Of course, that isn't its biggest problem. Directed by the hack Stephen Sommers, everything here feels completely artificial, from the towering pyramids to the scarab beetles. There is not one moment in this film that manages to attain a level of authenticity. The opening moments, in fact, use computer generated images to portray Egyptians hard at work. If you ask me, this one scene could have been torn right out of The Prince of Egypt, which is animated. The two look virtually identical--the only problem being that The Mummy is not animated. If that weren't enough, every scene in the film doesn't look right. Instead of "feeling" like Egypt, it feels more like a soundstage in the backlot of Hollywood. The Egyptian architecture looks more like little models that were added in after principle filming had been completed. The actors don't look hot, they look like they are running and fighting in an air-conditioned studio. It's this kind of falseness that rips viewers out of the experience. Instead of immersing us into a wonderful, visually incredible world, it feels like we are watching a poor recreation.

Since much of the previews deal with the film's special effects, something really has to be said about them. As said above, they are mostly digital, and the computer era really has brought films to a whole new level. Of course, that's only when the effects are good. Here, they are so obviously computerized that many moments had me laughing in my seat. The filmmakers decided to add little glimmers onto the golden treasures, and the result is laughably stupid. The scarab beetles are about as fake as you can get, looking exactly like what they really are: little bits of computer information. Occasionally, the effects do pass, such as a huge sandstorm enveloping an airplane. As for the mummy itself, for the most part, it is just one big special effect. Later on, it becomes actor Arnold Vosloo. Vosloo is good in the role, but he's not around long enough for us to care. How are you supposed to care about a special effect anyway?

Stephen Sommers not only directed this mess, he wrote it, which just adds another notch to his "hack" belt. He obviously does not understand how to develop characters, or how to create plausible situations, or even how to write dialogue. He's as bad a writer as any. I will go so far as to say that this screenplay surpasses the badness of any Joe Eszterhas screenplay. It's pure junk from start to finish. The plot establishes rules for itself and its audience--guidelines so that we may understand what is happening and why--and then it breaks all those rules. One character says the scarab beetles slowly eat their victims until they are finally dead. Ten minutes later, the scarab beetles attack someone and devour him in seconds. In the beginning, Imhotep tries to resurrect Anck-Su-Namun but fails. Towards the end, he tries again. This time, however, he needs a female sacrifice, something he apparently neglected the first time around. The dialogue does achieve moments of humor, such as a character's blatant disgust with the romantic relationship developing between Rick and Eve (which is only funny because it mimicked my own reaction). For the most part, the dialogue is just as bad as anything else. And believe me, it is very bad.

The cast of mostly unknown actors actually tries its hardest to make it work. Brendan Fraser (the only really recognizable face here) recycles his George of the Jungle routine and creates at once a wholly unlikable and stupid protagonist. We don't care whether he lives or not. We do care, however, whether Rachel Weisz lives. Weisz does her best and she succeeds at portraying a woman desperate for acknowledgement. Her whole performance seems to belong in a better film. And so does Vosloo's. Vosloo is really the one to watch here, taking the material and enhancing it to create a real character. We sympathize with him because he died in the name of love, and he is now doomed to wreak havoc on humanity (the only problem being that he seems to enjoy it a little more than he probably should). Kevin J. O'Connor appeared in Sommers' last film Deep Rising, and like in that film, he gives one of the funnier performances. He's a natural-born wiseass. His monkey-like appearance creates a nice touch that adds to the servant-master relationship between him and Vosloo. Even John Hannah does something with his performance. Patricia Velasquez, as Anck-su-namun, creates a strangely eye-appealing and yet vicious character in one glance. It's a shame we don't get to see more of her (performance-wise, anyway). But the film is held up by Fraser, and this just makes me wonder if he really has the stuff to be a leading man.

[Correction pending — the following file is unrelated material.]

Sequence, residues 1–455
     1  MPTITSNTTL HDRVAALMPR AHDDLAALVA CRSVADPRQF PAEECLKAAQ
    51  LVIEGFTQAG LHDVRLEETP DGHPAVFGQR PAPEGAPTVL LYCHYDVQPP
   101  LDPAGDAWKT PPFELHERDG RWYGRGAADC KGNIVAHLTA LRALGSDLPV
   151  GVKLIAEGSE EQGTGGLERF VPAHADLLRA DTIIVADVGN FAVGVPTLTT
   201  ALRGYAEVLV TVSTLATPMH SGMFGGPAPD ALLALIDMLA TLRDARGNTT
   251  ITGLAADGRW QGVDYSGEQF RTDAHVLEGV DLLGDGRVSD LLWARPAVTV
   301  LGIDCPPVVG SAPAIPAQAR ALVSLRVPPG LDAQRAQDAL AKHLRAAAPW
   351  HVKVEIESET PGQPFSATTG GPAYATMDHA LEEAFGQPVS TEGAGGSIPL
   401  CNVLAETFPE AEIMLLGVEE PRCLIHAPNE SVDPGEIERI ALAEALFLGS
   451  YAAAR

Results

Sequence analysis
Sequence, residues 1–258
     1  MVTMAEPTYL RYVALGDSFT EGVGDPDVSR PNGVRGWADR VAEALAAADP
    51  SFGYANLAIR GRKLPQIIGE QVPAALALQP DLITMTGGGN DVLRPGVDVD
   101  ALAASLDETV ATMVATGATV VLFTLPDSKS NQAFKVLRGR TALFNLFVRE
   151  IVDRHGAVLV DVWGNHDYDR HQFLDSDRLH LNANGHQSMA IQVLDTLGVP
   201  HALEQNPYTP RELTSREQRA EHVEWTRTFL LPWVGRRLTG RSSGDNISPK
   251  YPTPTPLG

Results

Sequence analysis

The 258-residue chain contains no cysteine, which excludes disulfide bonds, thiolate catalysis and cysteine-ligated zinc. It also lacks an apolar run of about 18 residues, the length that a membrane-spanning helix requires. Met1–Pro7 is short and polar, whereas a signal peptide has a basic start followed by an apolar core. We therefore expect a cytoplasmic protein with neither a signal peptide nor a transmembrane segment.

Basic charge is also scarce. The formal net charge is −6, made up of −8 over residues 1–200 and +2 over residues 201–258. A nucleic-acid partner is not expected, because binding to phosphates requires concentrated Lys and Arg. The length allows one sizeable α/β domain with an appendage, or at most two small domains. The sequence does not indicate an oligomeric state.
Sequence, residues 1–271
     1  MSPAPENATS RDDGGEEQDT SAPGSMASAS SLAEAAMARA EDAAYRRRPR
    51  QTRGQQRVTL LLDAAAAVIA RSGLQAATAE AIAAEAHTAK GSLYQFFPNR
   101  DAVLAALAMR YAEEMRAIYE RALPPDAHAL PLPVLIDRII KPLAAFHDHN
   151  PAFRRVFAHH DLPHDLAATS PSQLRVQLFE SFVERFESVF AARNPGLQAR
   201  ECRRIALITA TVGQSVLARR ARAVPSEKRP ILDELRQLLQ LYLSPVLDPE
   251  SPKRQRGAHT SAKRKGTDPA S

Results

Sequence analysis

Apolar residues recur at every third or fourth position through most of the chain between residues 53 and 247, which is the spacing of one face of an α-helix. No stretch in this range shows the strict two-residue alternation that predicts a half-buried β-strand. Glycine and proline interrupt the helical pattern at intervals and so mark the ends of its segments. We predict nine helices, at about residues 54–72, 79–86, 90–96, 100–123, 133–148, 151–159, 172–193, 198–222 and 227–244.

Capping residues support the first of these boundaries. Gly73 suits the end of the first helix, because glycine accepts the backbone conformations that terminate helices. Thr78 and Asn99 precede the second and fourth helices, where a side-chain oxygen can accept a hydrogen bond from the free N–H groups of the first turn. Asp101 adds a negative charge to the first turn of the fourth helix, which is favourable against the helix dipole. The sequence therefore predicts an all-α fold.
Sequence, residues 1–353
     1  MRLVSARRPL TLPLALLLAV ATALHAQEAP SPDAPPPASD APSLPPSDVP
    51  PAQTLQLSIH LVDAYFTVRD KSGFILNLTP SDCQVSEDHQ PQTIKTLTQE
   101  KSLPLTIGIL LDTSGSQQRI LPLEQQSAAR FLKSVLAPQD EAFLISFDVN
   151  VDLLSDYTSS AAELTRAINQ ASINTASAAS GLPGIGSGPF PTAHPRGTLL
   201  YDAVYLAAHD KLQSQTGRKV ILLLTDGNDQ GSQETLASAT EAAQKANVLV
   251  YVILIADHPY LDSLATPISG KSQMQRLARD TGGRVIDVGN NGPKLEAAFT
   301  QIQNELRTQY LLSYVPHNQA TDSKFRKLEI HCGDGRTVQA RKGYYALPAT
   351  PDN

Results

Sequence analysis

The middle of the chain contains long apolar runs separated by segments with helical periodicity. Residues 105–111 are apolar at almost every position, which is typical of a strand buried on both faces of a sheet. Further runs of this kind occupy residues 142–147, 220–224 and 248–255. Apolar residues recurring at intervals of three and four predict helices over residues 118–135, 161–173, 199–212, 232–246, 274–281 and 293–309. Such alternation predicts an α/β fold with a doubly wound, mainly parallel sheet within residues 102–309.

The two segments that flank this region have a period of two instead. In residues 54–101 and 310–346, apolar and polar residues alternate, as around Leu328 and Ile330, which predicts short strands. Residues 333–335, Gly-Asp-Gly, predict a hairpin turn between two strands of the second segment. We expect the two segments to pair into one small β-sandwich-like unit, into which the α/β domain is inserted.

A lot has been said about this film prior to its release. Many major magazines are comparing it to Raiders of the Lost Ark and the rest of the Indiana Jones trilogy. I can see where The Mummy received a lot of its inspiration. Some of the action scenes seem taken directly out of those three films, particularly one involving the roof of a room slowly dropping, ready to crush the inhabitants. Yes, comparing this to Raiders of the Lost Ark does seem suitable, except for one minor, tiny, little aspect: the Indiana Jones films were actually good. My guess would be that the Indiana Jones films were created in a time when imagination was spent on the story as well as the visual presentation, not just the latter. Comparing the two does a great disservice to Spielberg's films.

The Mummy is rated PG-13 for pervasive adventure violence and some partial nudity. This really all boils down to one question: what went wrong? I'm pretty sure I can answer that with two simple words: Stephen Sommers. This is just one man who should not be working in Hollywood. He should not be working as a filmmaker, period. He's one of the worst directors I've ever come across in all my days of movie watching. He doesn't know how to pace a film, he doesn't know how to direct action sequences, he doesn't know how to create realism. He himself is a perfect definition of the term hack. I can't think of another film that has made me more aware of the pitiful direction being done in recent years. It's boring, it's pretentious, it's everything a Hollywood action film should not be. It had me looking at my watch, just wishing the two hours would go by faster. It may have been the longest two hour film I can remember. It's that bad.

1/2 star(s) out of ****

Reviews by Boyd Petrie